I was very impressed by maSigPro and meant to get around to writing a short guide showing how to use it. So I did finally, using RMarkdown to create the document and here it is. The document also illustrates how to retrieve datasets from GEO using GEOquery and annotate microarray probesets using biomaRt. Hopefully it’s useful to some of you.

I’ll probably do more of this in the future, since publishing RMarkdown to RPubs is far easier than copying, pasting and formatting at WordPress.

Searching for the Steamer retroelement in the ocean metagenome

Location of BLAST (tblastn) hits Mya arenaria GagPol (AIE48224.1) vs GOS contigs

Location of BLAST (tblastn) hits Mya arenaria GagPol (AIE48224.1) vs GOS contigs

Last week, I was listening to episode 337 of the podcast This Week in Virology. It concerned a retrovirus-like sequence element named Steamer, which is associated with a transmissible leukaemia in soft shell clams.

At one point the host and guests discussed the idea of searching for Steamer-like sequences in the data from ocean metagenomics projects, such as the Global Ocean Sampling expedition. Sounds like fun. So I made an initial attempt, using R/ggplot2 to visualise the results.

To make a long story short: the initial BLAST results are not super-convincing, the visualisation could use some work (click image, right, for larger version) and the code/data are all public at Github, summarised in this report. It made for a fun, relatively-quick side project.

Some basics of biomaRt

One of the commonest bioinformatics questions, at Biostars and elsewhere, takes the form: “I have a list of identifiers (X); I want to relate them to a second set of identifiers (Y)”. HGNC gene symbols to Ensembl Gene IDs, for example.

When this occurs I have been known to tweet “the answer is BioMart” (there are often other solutions too) and I’ve written a couple of blog posts about the R package biomaRt in the past. However, I’ve realised that we need to take a step back and ask some basic questions that new users might have. How do I find what marts and datasets are available? How do I know what attributes and filters to use? How do I specify different genome build versions?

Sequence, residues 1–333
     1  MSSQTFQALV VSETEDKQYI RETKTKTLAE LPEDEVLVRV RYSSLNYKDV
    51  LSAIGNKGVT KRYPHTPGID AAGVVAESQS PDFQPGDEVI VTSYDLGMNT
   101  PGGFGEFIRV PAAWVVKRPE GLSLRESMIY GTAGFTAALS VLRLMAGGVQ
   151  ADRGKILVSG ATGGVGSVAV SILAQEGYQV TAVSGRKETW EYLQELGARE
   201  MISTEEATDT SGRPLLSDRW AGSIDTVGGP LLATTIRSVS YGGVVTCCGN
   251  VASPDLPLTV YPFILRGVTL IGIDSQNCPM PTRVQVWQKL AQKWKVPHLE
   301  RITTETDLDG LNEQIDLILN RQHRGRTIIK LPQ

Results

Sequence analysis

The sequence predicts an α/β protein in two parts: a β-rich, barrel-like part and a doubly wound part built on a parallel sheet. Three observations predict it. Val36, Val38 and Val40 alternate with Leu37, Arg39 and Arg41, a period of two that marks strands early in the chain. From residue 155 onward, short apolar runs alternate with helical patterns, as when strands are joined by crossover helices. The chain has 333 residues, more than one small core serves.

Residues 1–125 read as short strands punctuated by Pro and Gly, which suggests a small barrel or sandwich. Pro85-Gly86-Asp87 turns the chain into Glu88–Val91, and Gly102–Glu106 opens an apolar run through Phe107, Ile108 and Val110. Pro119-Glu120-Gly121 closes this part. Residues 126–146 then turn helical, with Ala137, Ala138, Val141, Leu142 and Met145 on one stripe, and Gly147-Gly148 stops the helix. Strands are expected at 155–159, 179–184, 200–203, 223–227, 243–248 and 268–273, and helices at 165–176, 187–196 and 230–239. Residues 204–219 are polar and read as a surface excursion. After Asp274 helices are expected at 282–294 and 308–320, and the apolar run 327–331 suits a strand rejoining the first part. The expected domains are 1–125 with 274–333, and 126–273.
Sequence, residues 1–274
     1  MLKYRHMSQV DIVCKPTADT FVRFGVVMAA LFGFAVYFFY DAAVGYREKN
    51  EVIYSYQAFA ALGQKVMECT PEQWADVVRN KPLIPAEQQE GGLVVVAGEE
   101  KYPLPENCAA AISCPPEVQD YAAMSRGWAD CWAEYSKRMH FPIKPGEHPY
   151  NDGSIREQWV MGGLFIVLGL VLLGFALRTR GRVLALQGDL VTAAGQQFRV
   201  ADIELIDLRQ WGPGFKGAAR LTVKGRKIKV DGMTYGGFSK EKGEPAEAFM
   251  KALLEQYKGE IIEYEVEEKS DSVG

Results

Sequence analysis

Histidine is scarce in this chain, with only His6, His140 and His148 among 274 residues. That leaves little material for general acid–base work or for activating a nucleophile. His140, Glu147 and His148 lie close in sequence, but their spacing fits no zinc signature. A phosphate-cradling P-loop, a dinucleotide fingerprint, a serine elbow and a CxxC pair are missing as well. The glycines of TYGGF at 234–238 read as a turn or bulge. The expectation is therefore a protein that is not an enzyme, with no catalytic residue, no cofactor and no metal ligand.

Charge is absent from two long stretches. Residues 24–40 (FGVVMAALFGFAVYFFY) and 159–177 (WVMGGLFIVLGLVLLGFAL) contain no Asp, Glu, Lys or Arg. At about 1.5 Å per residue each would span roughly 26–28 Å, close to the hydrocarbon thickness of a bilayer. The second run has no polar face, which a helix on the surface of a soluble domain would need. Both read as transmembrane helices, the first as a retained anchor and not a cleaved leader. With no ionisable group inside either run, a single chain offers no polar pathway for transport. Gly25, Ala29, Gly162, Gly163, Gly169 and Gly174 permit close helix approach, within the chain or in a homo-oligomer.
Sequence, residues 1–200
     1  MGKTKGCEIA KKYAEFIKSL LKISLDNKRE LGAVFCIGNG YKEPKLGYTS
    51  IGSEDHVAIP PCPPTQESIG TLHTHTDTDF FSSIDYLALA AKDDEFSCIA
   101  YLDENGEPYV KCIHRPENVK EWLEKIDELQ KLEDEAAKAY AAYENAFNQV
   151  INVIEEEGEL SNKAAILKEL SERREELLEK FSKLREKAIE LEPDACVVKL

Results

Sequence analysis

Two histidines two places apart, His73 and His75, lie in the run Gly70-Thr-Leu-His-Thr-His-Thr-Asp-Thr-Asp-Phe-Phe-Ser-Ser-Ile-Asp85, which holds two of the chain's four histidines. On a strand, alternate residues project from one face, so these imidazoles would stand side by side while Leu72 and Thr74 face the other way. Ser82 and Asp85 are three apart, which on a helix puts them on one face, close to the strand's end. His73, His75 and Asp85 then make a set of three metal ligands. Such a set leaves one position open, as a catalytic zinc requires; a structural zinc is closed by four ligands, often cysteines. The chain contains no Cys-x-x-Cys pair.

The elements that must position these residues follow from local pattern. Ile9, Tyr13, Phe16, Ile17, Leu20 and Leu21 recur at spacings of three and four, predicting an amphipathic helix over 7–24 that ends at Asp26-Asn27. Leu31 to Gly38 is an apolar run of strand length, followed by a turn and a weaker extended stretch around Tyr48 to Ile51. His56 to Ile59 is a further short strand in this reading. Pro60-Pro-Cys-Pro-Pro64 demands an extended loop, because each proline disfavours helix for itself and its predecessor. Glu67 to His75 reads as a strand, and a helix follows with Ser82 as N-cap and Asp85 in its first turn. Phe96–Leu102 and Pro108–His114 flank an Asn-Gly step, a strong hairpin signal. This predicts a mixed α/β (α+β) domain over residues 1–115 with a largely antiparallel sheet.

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R 3.1 -> 3.2 upgrade notes

My machines upgraded from R version 3.1.3 to version 3.2.0 last week, which means that existing code suddenly cannot find packages and so fails. Some notes to myself, possibly useful to others, for what to do when this happens. Relevant to Ubuntu-based systems (I use Linux Mint).

1. Update packages

cp ~/R/x86_64-pc-linux-gnu-library/3.1 ~/R/x86_64-pc-linux-gnu-library/3.2
update.packages(checkBuilt=TRUE, ask=FALSE)

1.1. rJava issues
My rJava installation failed because code was trying to compile against jni.h which was not present on my system. Solution:

sudo apt-get install openjdk-7-jdk
sudo R CMD javareconf

and then in R:


2. Update Bioconductor
Bioconductor is also upgraded so requires more than a package update. Probably need a new R session for this one.


2.1. ChemmineR
My Bioconductor Chemminer update failed because package gridExtra was absent:


3. General issues
When R is installed on Linux Mint, some packages are installed by default in /usr/lib/R/library. When performing updates as a non-root user, you’ll see messages telling you that this location is not writable and asking if you want to use your own library location. If you reply “yes”, you’ll have packages in both system and user locations. It’s probably better to say “no” and let the Ubuntu package management system handle the package upgrades…although when I tried that, the entire upgrade process halted…

And now we are all done so (careful!):

rm -rf ~/R/x86_64-pc-linux-gnu-library/3.1

Project Tycho, ggplot2 and the shameless stealing of blog ideas

Last week, Mick Watson posted a terrific article on using R to recreate the visualizations in this WSJ article on the impact of vaccination. Someone beat me to the obvious joke.

Someone also beat me to the standard response whenever base R graphics are used.

And despite devoting much of a morning to it, I was beaten to publication of a version using ggplot2.

Why then would I even bother to write this post. Well, because I did things a little differently; diversity of opinion and illustration of alternative approaches are good. And because on the internet, it’s quite acceptable to appropriate great ideas from other people when you lack any inspiration yourself. And because I devoted much of Friday morning to it.

Here then is my “exploration of what Mick did already, only using ggplot2 like Ben did already.”